Candidate: My career goal is to improve the health of people living with HIV through interdisciplinary research aimed at reducing barriers to optimal HIV care for traditionally underserved patient groups. My short term goal is to establish myself as an independent investigator as a tenure-track junior faculty member at the University of Wisconsin-Madison, and to develop an innovative research program in collaboration with state and federal prison systems. Research Project: My proposed research uses an innovative, mixed-methods approach to comprehensively evaluate barriers to accessing continuous HIV care for people who become incarcerated. I propose three distinct aims which will address this question using different types and sources of data, in order to identify which factors causing suboptimal care are the most important and potentially amenable to intervention.
Aim 1 will utilize longitudinal data from the AIDS Linked to the Intravenous Experience (ALIVE) study to examine individual and neighborhood-level factors associated with poor linkage to care following incarceration.
Aim 2 will be an expanded analysis of HIV care outcomes that incorporates retrospectively-collected medical records data from correctional facilities for ALIVE participants who were incarcerated between 1998 and 2011.
Aim 3 will confirm and inform the findings of quantitative phase of the study through semi-structured interviews with patients while they are receiving HIV care in prison, and follow-up interviews within several months after release to the community. Career Development Plan: My proposed training and mentoring activities will center around (1) attaining expertise in analysis of complex longitudinal data;(2) developing competence using qualitative research methods;(3) building partnerships with correctional agencies for HIV research;and (4) deeper understanding of ethical issues surrounding research in correctional settings. My applied research will be closely coordinated with my training activities, and will build toward an application for an R01-funded project in the fourth year of this award. Research Environment: I will be well-supported within the Department of Medicine at UW-Madison. In addition, I will benefit from the excellent research infrastructure of the ALIVE study at Johns Hopkins (Aims 1 &2), and a large, NIDA-funded study of Seek, Test, and Treat Strategies for HIV in the WI Department of Corrections (Aim 3).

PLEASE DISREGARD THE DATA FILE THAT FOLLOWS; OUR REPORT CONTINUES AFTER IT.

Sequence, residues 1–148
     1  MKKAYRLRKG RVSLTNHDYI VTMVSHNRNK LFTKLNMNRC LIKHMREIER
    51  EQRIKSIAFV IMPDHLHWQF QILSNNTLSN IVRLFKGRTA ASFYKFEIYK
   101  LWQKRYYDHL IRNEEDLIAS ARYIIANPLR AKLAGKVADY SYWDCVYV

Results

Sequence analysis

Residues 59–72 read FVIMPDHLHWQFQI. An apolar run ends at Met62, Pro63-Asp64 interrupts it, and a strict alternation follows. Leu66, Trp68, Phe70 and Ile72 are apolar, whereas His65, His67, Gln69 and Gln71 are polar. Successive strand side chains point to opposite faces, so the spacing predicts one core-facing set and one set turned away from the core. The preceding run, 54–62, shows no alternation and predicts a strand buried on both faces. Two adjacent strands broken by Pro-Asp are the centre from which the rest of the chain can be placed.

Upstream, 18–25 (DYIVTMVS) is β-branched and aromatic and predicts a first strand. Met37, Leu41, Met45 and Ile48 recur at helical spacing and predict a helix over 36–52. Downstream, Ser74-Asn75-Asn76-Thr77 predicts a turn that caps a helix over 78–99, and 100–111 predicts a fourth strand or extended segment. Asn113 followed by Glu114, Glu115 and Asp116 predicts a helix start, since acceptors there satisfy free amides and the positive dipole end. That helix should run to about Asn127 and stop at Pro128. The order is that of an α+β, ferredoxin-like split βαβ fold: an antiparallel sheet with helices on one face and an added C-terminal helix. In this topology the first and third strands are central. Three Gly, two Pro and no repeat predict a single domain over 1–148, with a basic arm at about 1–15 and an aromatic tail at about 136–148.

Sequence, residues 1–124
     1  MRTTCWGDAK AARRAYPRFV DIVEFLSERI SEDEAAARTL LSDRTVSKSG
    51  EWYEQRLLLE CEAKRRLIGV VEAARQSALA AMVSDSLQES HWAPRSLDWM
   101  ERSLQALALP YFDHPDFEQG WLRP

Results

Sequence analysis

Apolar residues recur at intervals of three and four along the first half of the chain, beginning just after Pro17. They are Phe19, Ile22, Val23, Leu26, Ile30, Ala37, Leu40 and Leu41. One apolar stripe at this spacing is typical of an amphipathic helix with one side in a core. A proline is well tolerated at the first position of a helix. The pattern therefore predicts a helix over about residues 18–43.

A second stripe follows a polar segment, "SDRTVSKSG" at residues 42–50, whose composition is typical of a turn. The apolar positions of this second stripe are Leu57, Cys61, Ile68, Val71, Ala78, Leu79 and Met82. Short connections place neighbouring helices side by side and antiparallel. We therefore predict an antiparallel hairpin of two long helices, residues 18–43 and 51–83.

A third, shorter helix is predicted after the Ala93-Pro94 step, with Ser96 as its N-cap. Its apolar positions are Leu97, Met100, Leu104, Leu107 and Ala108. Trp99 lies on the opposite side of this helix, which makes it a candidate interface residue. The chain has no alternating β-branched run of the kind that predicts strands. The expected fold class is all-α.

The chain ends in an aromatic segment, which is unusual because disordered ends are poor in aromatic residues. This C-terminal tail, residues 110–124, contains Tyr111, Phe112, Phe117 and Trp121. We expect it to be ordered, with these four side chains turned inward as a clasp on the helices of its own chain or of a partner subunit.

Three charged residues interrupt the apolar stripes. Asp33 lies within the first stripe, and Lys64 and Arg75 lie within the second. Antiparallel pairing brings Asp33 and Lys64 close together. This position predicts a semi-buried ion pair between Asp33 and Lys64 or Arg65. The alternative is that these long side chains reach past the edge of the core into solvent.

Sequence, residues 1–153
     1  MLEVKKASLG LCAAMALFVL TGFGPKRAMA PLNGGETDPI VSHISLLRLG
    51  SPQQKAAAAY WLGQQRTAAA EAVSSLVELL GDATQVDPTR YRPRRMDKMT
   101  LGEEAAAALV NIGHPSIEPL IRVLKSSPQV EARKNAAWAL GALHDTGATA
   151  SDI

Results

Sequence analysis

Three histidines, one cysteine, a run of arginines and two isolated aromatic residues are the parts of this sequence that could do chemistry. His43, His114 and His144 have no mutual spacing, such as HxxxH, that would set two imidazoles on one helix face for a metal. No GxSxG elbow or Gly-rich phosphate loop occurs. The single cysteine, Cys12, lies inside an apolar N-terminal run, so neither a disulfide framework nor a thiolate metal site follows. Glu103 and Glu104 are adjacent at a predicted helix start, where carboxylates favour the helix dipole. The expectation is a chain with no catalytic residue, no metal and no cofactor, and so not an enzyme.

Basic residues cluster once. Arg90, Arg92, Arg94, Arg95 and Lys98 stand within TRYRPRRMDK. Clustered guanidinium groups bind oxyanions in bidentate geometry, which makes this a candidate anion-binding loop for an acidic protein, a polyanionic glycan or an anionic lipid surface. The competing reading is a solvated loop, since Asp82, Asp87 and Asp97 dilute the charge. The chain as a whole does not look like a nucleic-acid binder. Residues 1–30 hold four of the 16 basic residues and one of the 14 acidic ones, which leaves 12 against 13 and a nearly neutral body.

Public Health Relevance

People in prison in the U.S. have a higher prevalence of HIV than the general population and may also be more likely to engage in behaviors that place others at risk for HIV when released back to the community. Developing strategies to ensure that incarcerated people continue to receive effective antiretroviral treatment after release may reduce the transmission of HIV in communities and decrease long-term complications of HIV infection.

National Institute of Health (NIH)
Mentored Patient-Oriented Research Career Development Award (K23)
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AIDS Behavioral Research Subcommittee (NIDA)
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Jones, Dionne
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University of Wisconsin Madison
Internal Medicine/Medicine
Schools of Medicine
United States
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Barocas, Joshua A; Brennan, Meghan B; Hull, Shawnika J et al. (2014) Barriers and facilitators of hepatitis C screening among people who inject drugs: a multi-city, mixed-methods study. Harm Reduct J 11:1
Westergaard, Ryan P; Beach, Mary Catherine; Saha, Somnath et al. (2014) Racial/ethnic differences in trust in health care: HIV conspiracy beliefs and vaccine research participation. J Gen Intern Med 29:140-6
Westergaard, Ryan P; Hess, Timothy; Astemborski, Jacquie et al. (2013) Longitudinal changes in engagement in care and viral suppression for HIV-infected injection drug users. AIDS 27:2559-66
Westergaard, Ryan P; Spaulding, Anne C; Flanigan, Timothy P (2013) HIV among persons incarcerated in the USA: a review of evolving concepts in testing, treatment, and linkage to community care. Curr Opin Infect Dis 26:10-6